As we headed up the trail, for the first time I wasn’t last – I was actually keeping up with Evyn, who I’d taken to calling Marmot because of her uncanny ability to quickly ascend to new heights. I felt cool, crisp air in my lungs and even though I hadn’t really slept and could only think about Aaron Burr wanting to know what got discussed (What did they say to you to get you to sell New York City down the river?), I was even in a bit of a goofy mood. We were on the lookout for wildlife, as we’d only seen a few gutsy squirrels and the one deer at our previous campsite. Headed up the wooded switchbacks, I saw a weird looking log and briefly thought it was a bear. Evyn and I waited for Mindy to catch up from taking pictures and formulated our plan – clearly, we would tell Mindy it was a bear and she’d want to rush up to see it!
Our plan almost worked, but after Mindy’s eyes widened, she said “Wait… that’s just a log!” Oh well, plot foiled. We were moving along at a good pace of about until about 8:30. By that point, we’d passed through Kearsarge Junction again and were up past 11,000 feet. We overlooked Charlotte Lake as we climbed, still in the shade of the morning.
Evyn, marmot that she is, decided to move ahead of Mindy and I and scamper up to Glen Pass as early as possible. We used the radio to keep in touch with her and make sure things were going well. We also planned that for the last couple hundred feet or so, Evyn would probably come back down and carry up my pack so I wouldn’t be completely wiped out for the rest of the day at the top of the pass. I had been sure to take my Diamox in the morning, and for the most part, I was feeling okay, but Mindy had passed on ibuprofen which seemed to come back and bite her a bit later.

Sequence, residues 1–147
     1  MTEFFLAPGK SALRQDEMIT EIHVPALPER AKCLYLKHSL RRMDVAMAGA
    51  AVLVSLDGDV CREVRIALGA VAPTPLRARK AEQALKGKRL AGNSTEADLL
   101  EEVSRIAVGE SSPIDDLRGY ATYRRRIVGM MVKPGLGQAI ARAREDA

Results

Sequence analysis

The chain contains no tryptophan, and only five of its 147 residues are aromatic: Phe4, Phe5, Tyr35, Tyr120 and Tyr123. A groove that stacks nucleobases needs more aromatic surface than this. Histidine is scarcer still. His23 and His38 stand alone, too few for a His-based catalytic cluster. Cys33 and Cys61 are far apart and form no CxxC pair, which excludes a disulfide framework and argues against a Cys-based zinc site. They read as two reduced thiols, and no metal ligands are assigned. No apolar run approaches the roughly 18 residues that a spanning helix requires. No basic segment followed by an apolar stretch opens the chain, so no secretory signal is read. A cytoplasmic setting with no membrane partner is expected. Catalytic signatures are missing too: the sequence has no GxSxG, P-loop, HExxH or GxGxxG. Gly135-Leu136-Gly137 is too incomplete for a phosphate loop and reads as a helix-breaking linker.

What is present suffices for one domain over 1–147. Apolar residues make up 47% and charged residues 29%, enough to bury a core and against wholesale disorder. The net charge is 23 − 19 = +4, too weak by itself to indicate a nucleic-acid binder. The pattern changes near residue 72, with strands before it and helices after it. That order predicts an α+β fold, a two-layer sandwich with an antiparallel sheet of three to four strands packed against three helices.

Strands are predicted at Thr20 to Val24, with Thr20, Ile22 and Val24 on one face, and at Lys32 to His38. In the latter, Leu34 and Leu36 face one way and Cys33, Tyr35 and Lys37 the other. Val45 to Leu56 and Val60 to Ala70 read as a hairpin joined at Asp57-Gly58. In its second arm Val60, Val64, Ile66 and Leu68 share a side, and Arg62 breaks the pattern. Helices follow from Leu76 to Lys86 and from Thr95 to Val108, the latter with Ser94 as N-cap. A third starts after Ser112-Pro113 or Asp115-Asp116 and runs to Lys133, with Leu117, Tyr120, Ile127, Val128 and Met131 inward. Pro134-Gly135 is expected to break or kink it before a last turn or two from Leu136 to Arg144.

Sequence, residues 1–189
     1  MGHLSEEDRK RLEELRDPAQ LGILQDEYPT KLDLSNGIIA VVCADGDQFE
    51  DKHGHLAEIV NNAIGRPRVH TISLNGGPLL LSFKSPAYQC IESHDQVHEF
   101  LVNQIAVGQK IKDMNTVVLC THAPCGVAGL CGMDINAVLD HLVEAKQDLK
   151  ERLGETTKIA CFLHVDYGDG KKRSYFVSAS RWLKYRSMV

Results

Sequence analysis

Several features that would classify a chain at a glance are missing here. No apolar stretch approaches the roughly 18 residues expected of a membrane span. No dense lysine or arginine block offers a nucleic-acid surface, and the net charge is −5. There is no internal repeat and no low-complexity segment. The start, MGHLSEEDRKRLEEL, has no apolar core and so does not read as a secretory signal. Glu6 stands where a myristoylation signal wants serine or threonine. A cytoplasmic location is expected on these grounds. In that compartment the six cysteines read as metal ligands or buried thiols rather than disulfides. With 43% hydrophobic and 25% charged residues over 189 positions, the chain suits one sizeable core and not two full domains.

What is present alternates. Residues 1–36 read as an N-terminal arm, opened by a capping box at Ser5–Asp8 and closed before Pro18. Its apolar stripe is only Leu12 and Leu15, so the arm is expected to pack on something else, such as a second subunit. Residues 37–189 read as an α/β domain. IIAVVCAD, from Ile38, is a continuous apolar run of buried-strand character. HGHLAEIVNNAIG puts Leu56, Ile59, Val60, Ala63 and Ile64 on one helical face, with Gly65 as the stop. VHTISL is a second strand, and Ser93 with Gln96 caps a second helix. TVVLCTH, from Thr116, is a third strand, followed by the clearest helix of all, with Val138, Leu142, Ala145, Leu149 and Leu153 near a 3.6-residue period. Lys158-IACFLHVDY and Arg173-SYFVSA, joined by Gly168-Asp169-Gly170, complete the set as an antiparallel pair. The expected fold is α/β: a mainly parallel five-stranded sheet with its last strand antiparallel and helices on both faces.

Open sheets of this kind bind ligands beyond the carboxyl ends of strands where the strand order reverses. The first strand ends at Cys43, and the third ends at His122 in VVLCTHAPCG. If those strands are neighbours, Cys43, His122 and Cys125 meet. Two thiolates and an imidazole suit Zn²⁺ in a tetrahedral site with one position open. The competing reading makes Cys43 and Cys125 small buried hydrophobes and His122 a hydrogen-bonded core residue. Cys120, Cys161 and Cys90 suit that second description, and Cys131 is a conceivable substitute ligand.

Previous: Day 2
Today’s Mileage: 4 Miles Total Mileage: 18 Miles
We woke up much earlier on Monday (around 7), and as soon as I started stirring, Evyn whispered “look outside the tent.” There was a big buck less than 15 feet from our tent door on the edge of the meadow. He saw us looking at him and slowly walked away. This was the first of many deer we’d see in the Sierra high country. Another thing I would become familiar with over the next few days would be a lack of sleep. At altitude, I had a terrible time getting to sleep, tossing and turning all night. I’d felt like I had slept for an hour or two, not the eight hours that had actually passed.
We got up and started breaking down camp at a quarter to 8 and were on the trail by 9 AM – a good bit earlier than the previous two days! We set off with a fluid plan with three options for the day. Option 1 was to make up the distance and get over Glen Pass, which we weren’t counting on. Option two was to camp along the trail going up to Glen Pass near one of the small tarns pointed out in Elizabeth Wenk’s amazing JMT guide at 11,500 feet. The third option, and the one that we knew we’d probably wind up at, was Charlotte Lake. This would be the first day that I actually felt good hiking, even without sleep. I was able to look at my surroundings, put one foot in front of the other, and push forward. It helped that the views were only getting more and more spectacular.